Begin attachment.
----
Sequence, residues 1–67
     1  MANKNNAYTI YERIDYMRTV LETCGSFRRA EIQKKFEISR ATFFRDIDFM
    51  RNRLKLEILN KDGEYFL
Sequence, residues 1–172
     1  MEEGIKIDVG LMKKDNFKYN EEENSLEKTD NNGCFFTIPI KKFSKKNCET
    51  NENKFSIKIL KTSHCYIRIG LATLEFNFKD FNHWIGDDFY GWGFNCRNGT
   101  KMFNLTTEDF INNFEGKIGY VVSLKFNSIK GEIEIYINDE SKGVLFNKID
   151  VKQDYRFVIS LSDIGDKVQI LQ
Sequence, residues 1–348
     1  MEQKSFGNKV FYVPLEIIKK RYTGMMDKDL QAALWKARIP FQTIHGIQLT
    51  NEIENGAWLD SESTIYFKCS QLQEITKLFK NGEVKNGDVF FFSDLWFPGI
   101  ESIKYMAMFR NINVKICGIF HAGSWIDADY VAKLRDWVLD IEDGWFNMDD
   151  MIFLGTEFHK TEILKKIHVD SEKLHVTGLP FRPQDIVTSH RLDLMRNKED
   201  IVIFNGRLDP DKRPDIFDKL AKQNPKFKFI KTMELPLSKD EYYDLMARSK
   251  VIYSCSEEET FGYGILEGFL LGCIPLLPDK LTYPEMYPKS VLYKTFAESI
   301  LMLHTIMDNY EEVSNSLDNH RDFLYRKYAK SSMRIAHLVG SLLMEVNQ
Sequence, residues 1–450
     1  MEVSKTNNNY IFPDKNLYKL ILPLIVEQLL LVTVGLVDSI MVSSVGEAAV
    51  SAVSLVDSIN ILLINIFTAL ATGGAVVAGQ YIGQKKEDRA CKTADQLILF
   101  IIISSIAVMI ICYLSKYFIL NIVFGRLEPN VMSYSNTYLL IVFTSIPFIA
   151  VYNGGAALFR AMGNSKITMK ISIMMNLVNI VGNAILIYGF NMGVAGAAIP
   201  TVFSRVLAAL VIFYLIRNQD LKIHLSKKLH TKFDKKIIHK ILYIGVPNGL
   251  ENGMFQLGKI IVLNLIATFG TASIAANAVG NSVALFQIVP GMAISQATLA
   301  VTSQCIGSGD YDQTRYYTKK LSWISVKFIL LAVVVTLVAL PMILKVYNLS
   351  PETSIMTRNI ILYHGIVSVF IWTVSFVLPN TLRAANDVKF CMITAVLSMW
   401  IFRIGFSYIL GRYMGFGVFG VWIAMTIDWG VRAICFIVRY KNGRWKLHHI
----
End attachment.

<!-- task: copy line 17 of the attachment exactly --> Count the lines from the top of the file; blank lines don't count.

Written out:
Sequence, residues 1–450